In March 1994, FDA issued a proposed rule that was intended to implement certain provisions of the PDMA, including the drug pedigree requirements. The proposed rule provided that the pedigree for sales by unauthorized distributors must include “the business name and address of all parties to each prior transaction involving the drug, starting with the manufacturer.” One commenter objected to the proposed pedigree requirement, arguing that it would require an unauthorized distributor to provide information about all prior sales, purchases, or trades of the drug, beginning with the manufacturer, even in circumstances in which the seller from which the distributor received the drug was an ADR and did not provide a pedigree for the drug. The comment recommended revising the proposed rule to require that the pedigree reach back only to the last ADR. In a final rule issued in December 1999, FDA declined to revise the proposed rule, opining that the PDMA itself requires that the pedigree identify “each prior sale, purchase, or trade of the drug,” and “[t]here is no indication in [the] PDMA that Congress intended that the statement include only those sales, purchases, or trades since the drug was last handled by an authorized distributor.”
As a result, the December 1999 final rule codified section 203.50(a) of FDA’s regulations, which provides that before the completion of any wholesale distribution by a wholesale distributor of a prescription drug for which the seller is not the manufacturer or an ADR, the seller must provide to the purchaser of the drug a pedigree that reaches back to the manufacturer, commonly known as a “complete” pedigree. As required by that regulation, the complete pedigree must include the proprietary and established name of the drug, dosage, container size, number of containers, the drug’s lot or control number, the business name and address of all parties to each previous transaction involving the drug (beginning with the manufacturer), and the date of each prior transaction.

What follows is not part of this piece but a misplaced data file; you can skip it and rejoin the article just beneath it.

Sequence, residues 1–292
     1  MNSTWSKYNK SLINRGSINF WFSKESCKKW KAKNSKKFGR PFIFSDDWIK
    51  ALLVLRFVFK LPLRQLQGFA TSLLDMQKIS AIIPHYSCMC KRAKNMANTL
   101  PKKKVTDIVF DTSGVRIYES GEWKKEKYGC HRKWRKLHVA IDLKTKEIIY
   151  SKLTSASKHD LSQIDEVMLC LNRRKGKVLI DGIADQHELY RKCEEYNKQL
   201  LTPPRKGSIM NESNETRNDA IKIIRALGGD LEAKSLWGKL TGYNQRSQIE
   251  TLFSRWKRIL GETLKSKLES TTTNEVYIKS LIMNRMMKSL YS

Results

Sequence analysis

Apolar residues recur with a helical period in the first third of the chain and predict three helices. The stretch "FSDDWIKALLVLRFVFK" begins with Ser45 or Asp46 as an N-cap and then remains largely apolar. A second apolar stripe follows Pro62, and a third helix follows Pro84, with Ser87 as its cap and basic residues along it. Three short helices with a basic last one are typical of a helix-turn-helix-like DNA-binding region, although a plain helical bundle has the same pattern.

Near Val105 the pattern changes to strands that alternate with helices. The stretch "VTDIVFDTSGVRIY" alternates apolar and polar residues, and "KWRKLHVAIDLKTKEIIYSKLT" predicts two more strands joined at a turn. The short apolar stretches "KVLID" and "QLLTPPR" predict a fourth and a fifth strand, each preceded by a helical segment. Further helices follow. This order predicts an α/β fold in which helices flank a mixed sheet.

Following publication of the December 1999 final rule, FDA received numerous comments on, and held several meetings to discuss, the implications of the requirement that unauthorized distributors provide a pedigree showing all prior transactions going back to the manufacturer. In particular, unauthorized distributors explained that they were not able to provide such information because many of the drugs they distribute are purchased from ADRs, which are not required to provide pedigrees and, frequently, are unwilling to voluntarily provide them. Representatives of unauthorized distributors argued that implementation of this requirement would result in as many as 4,000 unauthorized distributors going out of business, as they would be effectively prohibited from distributing many drugs to their customers.
As a result of these comments and a petition for stay of action submitted to FDA in May 2000, the Agency issued several delays of the effective date of certain provisions of the December 1999 final rule, including section 203.50, until December 1, 2006. In late 2006, a group of unauthorized distributors filed a lawsuit against FDA seeking, among other things, a preliminary injunction against implementation of section 203.50 of the regulations. In RxUSA Wholesale, Inc. v. Department of Health and Human Services, 467 F. Supp. 2d 285 (E.D.N.Y. 2006), the district court granted the preliminary injunction, which decision was affirmed on appeal. See RxUSA Wholesale, Inc. v. Department of Health and Human Services, 285 Fed. Appx. 809 (2d Cir. 2008).